Moles are burrowing animals that require a specific environment to thrive. Vegetation plays a pivotal role in creating the perfect habitat for these creatures. Knowing which types of vegetation moles prefer is crucial in maintaining an ideal habitat. Understanding their preferences can help gardeners and landscapers make informed decisions as to what to plant in their outdoor spaces. In this section, we’ll explore the vegetation types that moles prefer, including grasses, root vegetables, and other plants that thrive in moisture-rich mole habitats. Additionally, we’ll highlight the importance of vegetation selection in their seasonal habitat behavior.

Grasses and Grains

Grasses and grains are an important part of a mole’s diet, and they also play a key role in creating a suitable habitat for moles. Moles eat a variety of grasses and grains, including fescue, bluegrass, clover, wheat, and oats. These plants provide moles with the nutrition they need to stay healthy and active.

In addition to providing a food source, grasses and grains also help moles create burrows. Mole burrows are often located in grassy areas, and the roots from these plants help to stabilize the soil and prevent the burrows from collapsing. The presence of grasses and grains in a mole habitat also provides cover and protection for moles as they move through their environment.

Grasses Grains
fescue wheat
bluegrass oats

It is important to note that moles prefer different types of grasses and grains depending on the region they are in and the time of year. For example, moles in wetter climates may prefer grasses that can withstand more moisture, while moles in drier climates may prefer drought-resistant species. Additionally, moles may change their diet and habitat preferences based on seasonal changes in their environment. For more information on moisture in mole habitats, visit our article on Moisture in Mole Habitats. For more information on seasonal mole habitat behavior, visit our article on Seasonal Mole Habitat Behavior.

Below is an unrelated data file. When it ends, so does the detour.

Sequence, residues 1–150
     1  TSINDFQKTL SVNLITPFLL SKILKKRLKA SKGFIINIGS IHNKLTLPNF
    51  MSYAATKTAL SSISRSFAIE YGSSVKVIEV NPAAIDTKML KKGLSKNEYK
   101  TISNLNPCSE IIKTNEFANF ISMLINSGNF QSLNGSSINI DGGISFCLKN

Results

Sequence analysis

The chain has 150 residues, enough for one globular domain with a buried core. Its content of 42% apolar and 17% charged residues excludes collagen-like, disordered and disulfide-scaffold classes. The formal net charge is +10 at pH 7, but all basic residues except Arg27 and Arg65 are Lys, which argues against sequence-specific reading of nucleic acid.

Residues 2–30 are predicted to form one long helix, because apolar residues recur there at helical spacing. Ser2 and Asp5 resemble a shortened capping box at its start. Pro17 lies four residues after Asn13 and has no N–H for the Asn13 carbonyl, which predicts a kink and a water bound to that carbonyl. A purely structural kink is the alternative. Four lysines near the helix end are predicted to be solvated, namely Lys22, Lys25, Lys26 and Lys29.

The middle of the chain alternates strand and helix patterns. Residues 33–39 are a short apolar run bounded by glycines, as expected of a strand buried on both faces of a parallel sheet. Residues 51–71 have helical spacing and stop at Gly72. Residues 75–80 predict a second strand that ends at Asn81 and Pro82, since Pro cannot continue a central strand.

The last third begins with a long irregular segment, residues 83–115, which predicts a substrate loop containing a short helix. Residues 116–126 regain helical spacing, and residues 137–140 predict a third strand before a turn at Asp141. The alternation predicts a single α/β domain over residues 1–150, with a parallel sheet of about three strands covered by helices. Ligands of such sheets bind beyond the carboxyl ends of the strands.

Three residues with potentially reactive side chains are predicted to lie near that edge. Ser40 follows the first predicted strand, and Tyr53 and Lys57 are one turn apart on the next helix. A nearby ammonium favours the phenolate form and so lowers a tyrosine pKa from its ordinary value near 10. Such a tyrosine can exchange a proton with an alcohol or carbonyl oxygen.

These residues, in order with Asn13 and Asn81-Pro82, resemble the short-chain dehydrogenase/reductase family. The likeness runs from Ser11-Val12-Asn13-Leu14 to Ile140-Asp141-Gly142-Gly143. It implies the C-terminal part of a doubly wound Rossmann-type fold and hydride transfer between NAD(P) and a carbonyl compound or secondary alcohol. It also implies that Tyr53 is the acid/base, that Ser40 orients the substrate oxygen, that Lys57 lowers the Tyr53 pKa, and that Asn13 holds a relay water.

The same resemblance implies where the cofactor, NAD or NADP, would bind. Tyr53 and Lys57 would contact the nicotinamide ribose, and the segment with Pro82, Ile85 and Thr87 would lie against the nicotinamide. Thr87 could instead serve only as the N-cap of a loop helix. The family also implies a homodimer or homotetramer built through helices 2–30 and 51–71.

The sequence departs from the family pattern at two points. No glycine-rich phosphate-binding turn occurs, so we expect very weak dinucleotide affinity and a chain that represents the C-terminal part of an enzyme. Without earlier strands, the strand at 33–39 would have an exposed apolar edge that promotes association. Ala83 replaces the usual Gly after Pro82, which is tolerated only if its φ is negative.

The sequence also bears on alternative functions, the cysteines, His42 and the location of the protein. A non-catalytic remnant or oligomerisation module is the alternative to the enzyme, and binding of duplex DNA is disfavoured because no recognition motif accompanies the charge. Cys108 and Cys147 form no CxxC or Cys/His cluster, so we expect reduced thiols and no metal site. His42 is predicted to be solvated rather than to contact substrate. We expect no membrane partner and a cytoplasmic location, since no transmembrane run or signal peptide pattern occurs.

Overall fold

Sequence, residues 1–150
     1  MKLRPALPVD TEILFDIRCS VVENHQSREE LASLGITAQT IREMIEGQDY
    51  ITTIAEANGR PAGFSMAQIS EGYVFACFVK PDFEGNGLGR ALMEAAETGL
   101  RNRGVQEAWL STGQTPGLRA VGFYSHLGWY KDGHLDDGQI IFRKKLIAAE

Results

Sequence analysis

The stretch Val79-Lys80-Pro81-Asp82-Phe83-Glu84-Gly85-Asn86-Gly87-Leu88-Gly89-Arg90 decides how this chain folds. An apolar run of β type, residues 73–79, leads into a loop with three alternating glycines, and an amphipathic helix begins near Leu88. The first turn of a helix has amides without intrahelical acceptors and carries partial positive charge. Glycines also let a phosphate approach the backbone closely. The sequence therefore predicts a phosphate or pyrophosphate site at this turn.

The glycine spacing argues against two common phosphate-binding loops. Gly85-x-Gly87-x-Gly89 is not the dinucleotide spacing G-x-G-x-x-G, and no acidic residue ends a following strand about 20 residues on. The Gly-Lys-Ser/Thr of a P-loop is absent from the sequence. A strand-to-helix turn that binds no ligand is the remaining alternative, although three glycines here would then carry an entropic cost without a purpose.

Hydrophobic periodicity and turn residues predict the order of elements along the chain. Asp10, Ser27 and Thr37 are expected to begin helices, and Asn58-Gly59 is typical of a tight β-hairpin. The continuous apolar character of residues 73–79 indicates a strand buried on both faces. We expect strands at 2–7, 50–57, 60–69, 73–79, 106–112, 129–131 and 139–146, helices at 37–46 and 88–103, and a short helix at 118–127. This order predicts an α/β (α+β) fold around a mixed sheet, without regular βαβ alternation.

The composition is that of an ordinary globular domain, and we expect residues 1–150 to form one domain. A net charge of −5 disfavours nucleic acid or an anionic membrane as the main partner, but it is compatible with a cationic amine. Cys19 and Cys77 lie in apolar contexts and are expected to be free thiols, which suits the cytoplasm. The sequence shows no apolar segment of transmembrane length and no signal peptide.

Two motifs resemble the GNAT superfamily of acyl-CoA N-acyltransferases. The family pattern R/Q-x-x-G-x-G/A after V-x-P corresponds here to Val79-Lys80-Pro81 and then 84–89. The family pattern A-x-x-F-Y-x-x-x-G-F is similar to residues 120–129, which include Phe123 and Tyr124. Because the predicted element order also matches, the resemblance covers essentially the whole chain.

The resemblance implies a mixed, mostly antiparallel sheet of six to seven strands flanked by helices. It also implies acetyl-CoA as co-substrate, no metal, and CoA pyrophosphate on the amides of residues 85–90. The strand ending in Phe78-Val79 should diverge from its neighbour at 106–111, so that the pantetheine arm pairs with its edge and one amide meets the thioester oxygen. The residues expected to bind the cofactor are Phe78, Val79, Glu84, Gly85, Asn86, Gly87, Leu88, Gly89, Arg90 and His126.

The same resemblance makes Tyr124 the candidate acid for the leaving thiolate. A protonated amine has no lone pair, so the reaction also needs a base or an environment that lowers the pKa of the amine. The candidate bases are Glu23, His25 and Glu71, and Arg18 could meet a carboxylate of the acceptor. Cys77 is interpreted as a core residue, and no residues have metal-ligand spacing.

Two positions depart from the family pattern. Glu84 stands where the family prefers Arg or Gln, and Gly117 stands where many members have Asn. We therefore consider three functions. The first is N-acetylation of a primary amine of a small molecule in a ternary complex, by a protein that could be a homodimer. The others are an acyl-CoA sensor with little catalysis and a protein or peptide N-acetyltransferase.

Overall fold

Root Vegetables

Moles have a preference for several types of vegetation, especially root vegetables. These vegetables are often found in the soil and provide a food source for moles as they dig through the earth.
Some of the most common root vegetables that moles prefer include:

  • Potatoes: Moles are known to consume potatoes, which are high in starch and nutrients. The presence of potatoes can attract moles to a particular area, making it more likely that they will build their tunnels there.
  • Carrots: Carrots are another root vegetable that moles enjoy. They are rich in vitamins and minerals, and can be an important part of a mole’s diet.